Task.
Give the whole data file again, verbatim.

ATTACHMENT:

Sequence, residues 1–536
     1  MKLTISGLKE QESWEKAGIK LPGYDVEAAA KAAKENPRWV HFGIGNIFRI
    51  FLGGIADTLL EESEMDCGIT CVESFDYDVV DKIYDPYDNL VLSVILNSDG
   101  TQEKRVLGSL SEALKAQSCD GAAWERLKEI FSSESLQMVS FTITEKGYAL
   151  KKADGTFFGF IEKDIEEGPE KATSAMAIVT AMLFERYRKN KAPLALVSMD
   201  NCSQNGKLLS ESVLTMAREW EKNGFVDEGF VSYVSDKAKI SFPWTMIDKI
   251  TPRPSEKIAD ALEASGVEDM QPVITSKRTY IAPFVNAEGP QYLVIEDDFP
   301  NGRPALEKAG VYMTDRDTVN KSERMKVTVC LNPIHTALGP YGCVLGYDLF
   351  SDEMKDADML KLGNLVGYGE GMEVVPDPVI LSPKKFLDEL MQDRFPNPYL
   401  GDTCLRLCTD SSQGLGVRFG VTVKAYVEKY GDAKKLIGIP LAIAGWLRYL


Sequence, residues 1–536
     1  MKLTISGLKE QESWEKAGIK LPGYDVEAAA KAAKENPRWV HFGIGNIFRI
    51  FLGGIADTLL EESEMDCGIT CVESFDYDVV DKIYDPYDNL VLSVILNSDG
   101  TQEKRVLGSL SEALKAQSCD GAAWERLKEI FSSESLQMVS FTITEKGYAL
   151  KKADGTFFGF IEKDIEEGPE KATSAMAIVT AMLFERYRKN KAPLALVSMD
   201  NCSQNGKLLS ESVLTMAREW EKNGFVDEGF VSYVSDKAKI SFPWTMIDKI
   251  TPRPSEKIAD ALEASGVEDM QPVITSKRTY IAPFVNAEGP QYLVIEDDFP
   301  NGRPALEKAG VYMTDRDTVN KSERMKVTVC LNPIHTALGP YGCVLGYDLF
   351  SDEMKDADML KLGNLVGYGE GMEVVPDPVI LSPKKFLDEL MQDRFPNPYL
   401  GDTCLRLCTD SSQGLGVRFG VTVKAYVEKY GDAKKLIGIP LAIAGWLRYL